They order us to strip. We do, and then a bunch of the cannibals are over us all at once, some massaging us with what smells like olive oil, some springling spices over us. I look at A and she at me. We are both coated in green spices. There are some in the group talking about how it’s a good idea to boil this time, after all the broiled people they’ve been having. “Down here, we handle people like lobsters,” Ms. Glumpke explains.
She suggests we drink some wine before we get dunked in the water, to make us “taste better.”
“We’ll keep the heat at a slow boil if you’d be so kind,” says Ms. Glumpke manipulatively.
I see it’s the old Punishment-Rewards game. But I like wine, so I slurp a lot down, taking a little pleasure knowing as I climb up the ladder they’ve pulled up for me to get into the pot, that soon I’ll be having to take a leak. I smile at A in her pot, and we blow kisses as a contingent from the local troop of Explorer Scouts lights the fire. I can hear the dry wood crackling as the fire really gets going, the water is getting warmer and warmer and then hotter, and I’m trying to tread water so I don’t have to put my bare feet on the bottom of the pot, which is scorching. I can hear the members of the cannibal tribe chattering about whether they want us rare or well done. I can’t see A through the smoke, but then I see a ladder brought up in front of her pot and Ms. Glumpke, in her robes, is climbing up. I can dimly see Ms. Glumpke, through the smoke, grabbing into the pot and picking up what looks like one of A’s arms. She brings A’s hand to her mouth and takes a bite.
I see that Ms. Glumpke has bit off one of A’s fingers as the smoke, for a second, clears.
She screams, “Feh,” and spits it out onto the ground. Others in the group inspect the partially bitten finger.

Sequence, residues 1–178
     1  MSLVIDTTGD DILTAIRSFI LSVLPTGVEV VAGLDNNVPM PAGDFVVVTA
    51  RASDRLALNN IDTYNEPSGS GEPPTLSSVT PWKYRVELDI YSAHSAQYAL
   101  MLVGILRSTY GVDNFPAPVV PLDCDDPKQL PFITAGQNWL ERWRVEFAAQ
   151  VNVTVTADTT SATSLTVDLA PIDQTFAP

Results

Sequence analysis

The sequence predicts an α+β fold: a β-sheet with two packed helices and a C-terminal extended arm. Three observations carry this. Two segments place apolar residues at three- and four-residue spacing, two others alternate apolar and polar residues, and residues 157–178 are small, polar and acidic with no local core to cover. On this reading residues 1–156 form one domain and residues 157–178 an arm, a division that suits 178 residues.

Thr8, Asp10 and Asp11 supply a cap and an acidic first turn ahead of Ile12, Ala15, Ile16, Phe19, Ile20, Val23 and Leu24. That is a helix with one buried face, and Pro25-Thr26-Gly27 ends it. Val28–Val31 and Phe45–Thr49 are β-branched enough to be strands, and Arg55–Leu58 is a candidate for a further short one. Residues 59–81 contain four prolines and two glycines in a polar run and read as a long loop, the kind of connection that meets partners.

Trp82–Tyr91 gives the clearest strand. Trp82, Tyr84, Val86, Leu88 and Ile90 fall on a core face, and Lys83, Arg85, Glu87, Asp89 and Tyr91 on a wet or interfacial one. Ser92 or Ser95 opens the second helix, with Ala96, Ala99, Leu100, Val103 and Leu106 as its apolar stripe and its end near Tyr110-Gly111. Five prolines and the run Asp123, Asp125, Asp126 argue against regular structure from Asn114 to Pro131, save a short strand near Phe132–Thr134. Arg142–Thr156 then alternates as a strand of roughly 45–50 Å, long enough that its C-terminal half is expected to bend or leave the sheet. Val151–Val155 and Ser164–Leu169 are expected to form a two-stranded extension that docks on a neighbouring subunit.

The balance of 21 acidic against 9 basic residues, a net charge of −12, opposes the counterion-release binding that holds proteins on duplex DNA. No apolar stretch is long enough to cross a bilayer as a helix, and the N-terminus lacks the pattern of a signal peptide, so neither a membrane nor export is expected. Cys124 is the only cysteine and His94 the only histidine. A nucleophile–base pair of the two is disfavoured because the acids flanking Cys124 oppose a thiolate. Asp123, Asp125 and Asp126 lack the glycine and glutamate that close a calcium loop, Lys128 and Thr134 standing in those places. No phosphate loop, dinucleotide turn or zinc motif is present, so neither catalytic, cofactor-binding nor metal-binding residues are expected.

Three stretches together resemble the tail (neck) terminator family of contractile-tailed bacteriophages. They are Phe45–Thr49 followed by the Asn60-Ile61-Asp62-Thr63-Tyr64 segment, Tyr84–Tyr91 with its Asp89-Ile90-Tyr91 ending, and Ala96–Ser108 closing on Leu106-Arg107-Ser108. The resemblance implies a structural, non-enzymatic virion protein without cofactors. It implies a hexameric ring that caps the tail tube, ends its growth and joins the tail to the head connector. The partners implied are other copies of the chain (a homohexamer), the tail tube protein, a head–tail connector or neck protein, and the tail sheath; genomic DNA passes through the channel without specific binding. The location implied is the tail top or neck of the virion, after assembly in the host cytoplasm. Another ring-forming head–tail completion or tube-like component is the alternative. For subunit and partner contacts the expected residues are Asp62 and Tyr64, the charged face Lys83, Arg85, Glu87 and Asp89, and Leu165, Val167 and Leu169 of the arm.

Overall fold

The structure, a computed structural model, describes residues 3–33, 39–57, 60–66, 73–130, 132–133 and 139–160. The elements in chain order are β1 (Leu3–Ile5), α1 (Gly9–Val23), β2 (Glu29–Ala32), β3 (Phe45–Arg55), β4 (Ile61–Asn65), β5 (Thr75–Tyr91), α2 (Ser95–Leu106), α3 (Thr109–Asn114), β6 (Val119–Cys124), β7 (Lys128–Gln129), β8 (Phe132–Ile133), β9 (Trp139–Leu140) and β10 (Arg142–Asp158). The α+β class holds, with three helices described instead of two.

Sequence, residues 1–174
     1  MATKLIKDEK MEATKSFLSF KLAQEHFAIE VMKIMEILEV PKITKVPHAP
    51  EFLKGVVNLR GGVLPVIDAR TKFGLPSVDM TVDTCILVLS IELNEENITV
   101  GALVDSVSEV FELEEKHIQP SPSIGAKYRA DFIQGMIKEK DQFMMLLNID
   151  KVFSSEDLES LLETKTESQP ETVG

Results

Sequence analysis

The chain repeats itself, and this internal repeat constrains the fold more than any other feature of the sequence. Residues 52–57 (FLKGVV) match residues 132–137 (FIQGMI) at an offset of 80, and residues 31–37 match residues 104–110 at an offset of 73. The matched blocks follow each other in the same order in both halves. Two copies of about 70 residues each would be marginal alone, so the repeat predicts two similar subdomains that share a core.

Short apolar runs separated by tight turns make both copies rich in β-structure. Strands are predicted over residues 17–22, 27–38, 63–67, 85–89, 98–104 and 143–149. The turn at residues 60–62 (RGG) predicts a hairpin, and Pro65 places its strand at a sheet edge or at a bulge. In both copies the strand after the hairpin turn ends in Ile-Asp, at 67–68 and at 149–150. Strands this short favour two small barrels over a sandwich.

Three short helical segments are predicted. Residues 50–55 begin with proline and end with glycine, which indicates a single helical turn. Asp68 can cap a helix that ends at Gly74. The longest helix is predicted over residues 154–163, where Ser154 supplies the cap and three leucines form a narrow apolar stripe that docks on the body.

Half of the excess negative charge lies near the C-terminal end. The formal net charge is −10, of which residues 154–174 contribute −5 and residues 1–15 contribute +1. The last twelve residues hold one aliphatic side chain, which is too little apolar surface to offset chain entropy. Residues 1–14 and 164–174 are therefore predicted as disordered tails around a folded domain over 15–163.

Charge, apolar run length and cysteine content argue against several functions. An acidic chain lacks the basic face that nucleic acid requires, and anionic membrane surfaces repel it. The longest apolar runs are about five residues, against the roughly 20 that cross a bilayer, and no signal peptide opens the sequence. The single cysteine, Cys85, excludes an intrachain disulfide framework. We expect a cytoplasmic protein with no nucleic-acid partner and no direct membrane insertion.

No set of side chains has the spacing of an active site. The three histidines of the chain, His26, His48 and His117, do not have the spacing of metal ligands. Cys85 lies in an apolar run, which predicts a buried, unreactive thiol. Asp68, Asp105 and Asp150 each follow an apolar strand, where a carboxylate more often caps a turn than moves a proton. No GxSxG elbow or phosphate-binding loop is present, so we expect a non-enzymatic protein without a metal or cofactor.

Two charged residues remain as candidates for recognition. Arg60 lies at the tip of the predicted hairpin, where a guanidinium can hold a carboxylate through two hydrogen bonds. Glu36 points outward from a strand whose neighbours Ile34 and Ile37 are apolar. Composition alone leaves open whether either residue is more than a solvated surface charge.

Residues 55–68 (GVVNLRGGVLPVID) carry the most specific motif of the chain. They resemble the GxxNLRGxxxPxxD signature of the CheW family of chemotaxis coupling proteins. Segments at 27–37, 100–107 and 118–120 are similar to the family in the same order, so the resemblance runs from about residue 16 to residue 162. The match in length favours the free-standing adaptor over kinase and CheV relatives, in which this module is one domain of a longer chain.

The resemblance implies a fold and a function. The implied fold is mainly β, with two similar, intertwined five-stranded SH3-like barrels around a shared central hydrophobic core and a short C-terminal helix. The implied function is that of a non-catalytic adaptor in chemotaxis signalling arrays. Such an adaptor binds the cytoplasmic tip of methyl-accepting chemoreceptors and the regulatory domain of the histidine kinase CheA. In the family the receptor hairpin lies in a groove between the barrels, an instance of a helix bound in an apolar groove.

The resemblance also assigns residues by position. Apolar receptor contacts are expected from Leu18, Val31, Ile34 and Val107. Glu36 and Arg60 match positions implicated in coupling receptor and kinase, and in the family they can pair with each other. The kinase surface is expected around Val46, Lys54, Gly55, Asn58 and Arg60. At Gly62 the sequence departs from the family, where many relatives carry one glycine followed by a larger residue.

“Electronic components. Feh,” one man yells loudly.
“Feh,” says a woman, taking a bite. “Inappropriate!”
They’re all saying Feh, Feh, Feh when Ms. Glumpke orders: “Douse the fires. We can’ t waste wood on this kind of junk food.”
I look at the sky and give thanks to God as the Explorers come back with buckets of water which they splash on the fire. I feel blanched but I easily gather up the energy to lift myself from the pot and down the ladder. I can see A is annoyed about the loss of her finger, a pointer, but happy not to be cooked, as she scampers down the ladder.
Ms. Glumpke gives off a peculiar smile and says, wanly, “Sorry for the inconvenience.”
A and I still have spices all over our faces, so we wash up, get back into our clothes — which some of the Venutian cannibals had been wearing but have to give us back — and we take off at a rapid clip, figuring we’ll look for the nearest bus station and get to the nearest port where we figure we might catch a submarine. We hop a Greyhound in a town that we find after a two-day walk.
En route again, I ask A if it would be hard to get another finger. She says no.
“If you don’t go to bed with someone, there’s something about them you don’t know,” I tell A. She agrees. A says she once took a course in “How To Rip Off Children” at the Harvard Business School. We talk of our families, and look out the bus window at the landscape, a deeper blue in this part of Venus. By the water, near a submarine dock, we walk around for awhile, enjoying the fresh sea air. Holding A by the waist, I look out at the far distant horizon and think Venus is a nice place to visit.
Then right in front of us, a submarine breaks on to the surface of the water. I instantly spot on the conning tower, having oral sex, my friend Arnold, the submarine commander and a giant penguin.